Jessica - posted on 06/17/2012

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I'm Pagan, and I do celebrate the holidays in a way that shares my beliefs with my little ones but alot of it is nature based things. For example, at Beltane, we painted pots and planted a bunch of herbs, and on the Summer Solstice we will be doing something fun as well. I wasn't raised with any religion and I made my own choices. My mom is Pagan and my Dad was christian and finally came to see that he really didin't identify with it. Once my mom said basically was she believes, my dad said his thoughts were pretty much on par. For those who don't know much about being Pagan, it really is a broad term covering alot of different variations of belief, but with most of it being based around Nature. My kids will be welcome to find there own path in life when it comes to belief, and i do hope to teach them about all the religions, the good and the bad, but only facts. Ie - Things good and bad that have been done historically in the name of Religion. I will never say that any God/Goddess is FACT though, only that to some people they may be real.

Elfrieda - posted on 06/17/2012

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See Kelly, I would suggest that you DO know what you believe. You believe that it's best if one understands, even a little, what the people around you feel is important. You believe that it's very important to work together to build a productive, inclusive society. You don't believe that there is one right way to live, you believe that there are many ways to achieve the ultimate goal, which you believe is existing together happily and without conflict.



And you're teaching that to your son, which is as it should be. Parents should teach their children what is (in their best guess because nobody can be totally sure but you have to make a choice) right and true. You need to be able to point to something and say, "That is true. That is what we live for." And when you see an example of what you don't believe in, you can point it out to your son and say, "That's wrong. We must always work against that." And as you grow and develop, you'll take your son along on that journey, explaining as you go.



Yes, of course children need to grow up and make their own decisions, but if you don't help them develop a way of seeing the world, they'll be at a huge disadvantage when it comes to the most important parts of being human.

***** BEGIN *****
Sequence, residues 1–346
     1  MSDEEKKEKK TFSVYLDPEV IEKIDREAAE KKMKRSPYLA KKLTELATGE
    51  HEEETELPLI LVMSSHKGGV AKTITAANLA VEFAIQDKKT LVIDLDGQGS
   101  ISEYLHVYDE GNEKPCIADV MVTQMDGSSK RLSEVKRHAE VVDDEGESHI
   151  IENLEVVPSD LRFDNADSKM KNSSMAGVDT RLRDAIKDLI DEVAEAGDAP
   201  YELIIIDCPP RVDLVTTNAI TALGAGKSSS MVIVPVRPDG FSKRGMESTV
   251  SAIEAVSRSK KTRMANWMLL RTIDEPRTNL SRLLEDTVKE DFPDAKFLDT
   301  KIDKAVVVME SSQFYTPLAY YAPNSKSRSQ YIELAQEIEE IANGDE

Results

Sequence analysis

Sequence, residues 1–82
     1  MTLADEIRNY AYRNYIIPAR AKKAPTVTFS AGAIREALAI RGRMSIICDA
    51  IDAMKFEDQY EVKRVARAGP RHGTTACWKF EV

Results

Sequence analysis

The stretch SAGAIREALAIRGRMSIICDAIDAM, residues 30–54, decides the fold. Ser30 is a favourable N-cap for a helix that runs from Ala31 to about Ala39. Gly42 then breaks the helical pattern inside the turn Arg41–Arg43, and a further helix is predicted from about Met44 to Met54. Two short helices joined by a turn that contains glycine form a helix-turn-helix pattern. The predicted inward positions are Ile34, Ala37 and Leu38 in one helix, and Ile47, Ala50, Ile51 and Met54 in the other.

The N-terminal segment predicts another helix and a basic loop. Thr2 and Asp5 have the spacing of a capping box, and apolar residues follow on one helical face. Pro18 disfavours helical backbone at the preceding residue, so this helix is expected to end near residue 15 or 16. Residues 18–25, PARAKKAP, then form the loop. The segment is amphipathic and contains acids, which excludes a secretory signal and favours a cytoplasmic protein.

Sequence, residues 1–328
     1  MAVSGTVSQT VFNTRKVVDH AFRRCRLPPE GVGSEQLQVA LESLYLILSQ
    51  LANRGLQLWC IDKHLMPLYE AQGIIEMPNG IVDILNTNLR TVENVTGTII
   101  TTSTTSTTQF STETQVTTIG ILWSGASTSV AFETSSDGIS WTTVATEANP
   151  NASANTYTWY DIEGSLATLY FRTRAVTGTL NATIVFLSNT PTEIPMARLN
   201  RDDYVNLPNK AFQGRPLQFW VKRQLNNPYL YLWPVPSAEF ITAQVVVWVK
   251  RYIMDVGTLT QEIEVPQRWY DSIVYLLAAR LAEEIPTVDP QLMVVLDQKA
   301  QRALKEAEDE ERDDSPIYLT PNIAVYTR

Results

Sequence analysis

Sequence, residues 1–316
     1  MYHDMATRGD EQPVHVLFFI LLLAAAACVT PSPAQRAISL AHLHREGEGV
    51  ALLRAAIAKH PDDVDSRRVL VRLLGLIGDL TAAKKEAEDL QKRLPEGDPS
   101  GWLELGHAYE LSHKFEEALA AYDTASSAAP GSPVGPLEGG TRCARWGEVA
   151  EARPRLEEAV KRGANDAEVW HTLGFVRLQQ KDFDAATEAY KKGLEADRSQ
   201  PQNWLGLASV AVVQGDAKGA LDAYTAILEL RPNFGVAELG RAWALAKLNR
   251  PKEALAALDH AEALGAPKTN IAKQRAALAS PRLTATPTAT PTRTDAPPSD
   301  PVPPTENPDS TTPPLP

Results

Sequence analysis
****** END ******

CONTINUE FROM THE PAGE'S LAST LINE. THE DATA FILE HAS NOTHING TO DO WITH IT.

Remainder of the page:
[deleted account]

I think children should be exposed to as many different religions and cultures as possible throughout their childhoods. I think that having an understanding, even if only on a superficial level, of the beliefs and traditions that other people hold dear helps us to understand and relate to different parts of society as a whole. With that understanding, we are able to work together more efficiently to build a more productive, inclusive society.

I do not know what I believe yet. I am honest with J about this. I do not teach him that the religions or beliefs of others are "wrong" or "false" but that everyone does not have to believe the same things or follow the same traditions in order to be friends or work and exist together happily and without conflict.
For example, if he has a friend who is a Buddhist, we do not have to be Buddhists in order to identify and maintain friendship with that friend, but by having an understanding of Buddhist beliefs and traditions, we can better identify with our friend, understand their point of view (when it differs from our own), and know why they do certain things that we may not do ourselves.

[deleted account]

I think it is stupid to teach your child something you don't personally believe in. It would be like teaching them about bottle feeding when you are against formula or smack them when you don't think smacking is right.

I have nothing against any other religion but i sure as hell wouldn't be going out of my way to teach my children something that i don't believe in. If the school wants to do it they can go ahead...but thats doubtful considering its a catholic school.

Stifler's - posted on 06/17/2012

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We are too Johnny neither of us have any desire to go to a church or subscribe to a religion.

Stifler's - posted on 06/17/2012

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I think if you're religious your kids will go to church with you. My parents always took me to church as a kid and now I don't go, people will make their own choices.

MeMe - Raises Her Hand (-_-) (Mommy Of A Toddler And Teen) - posted on 06/17/2012

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For me, where I am an agnostic theist, I allow my daughter to figure her choice out on her own. She currently attends a youth group once a week at our local Christian church. She is finding she does not like praying and she does not like talking about God, that much. She still attends though, mostly due to all of the kids in the neighbourhood going.



I will still openly talk with her, if she wishes. I grew up with Catholics on both sides of me, so I can see that side of things, not that I agree with them, at all. I don't agree with any religion but that does not mean I won't let my daughter figure it out for herself.

Elfrieda - posted on 06/17/2012

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I think you should figure out what you believe, then teach your child that.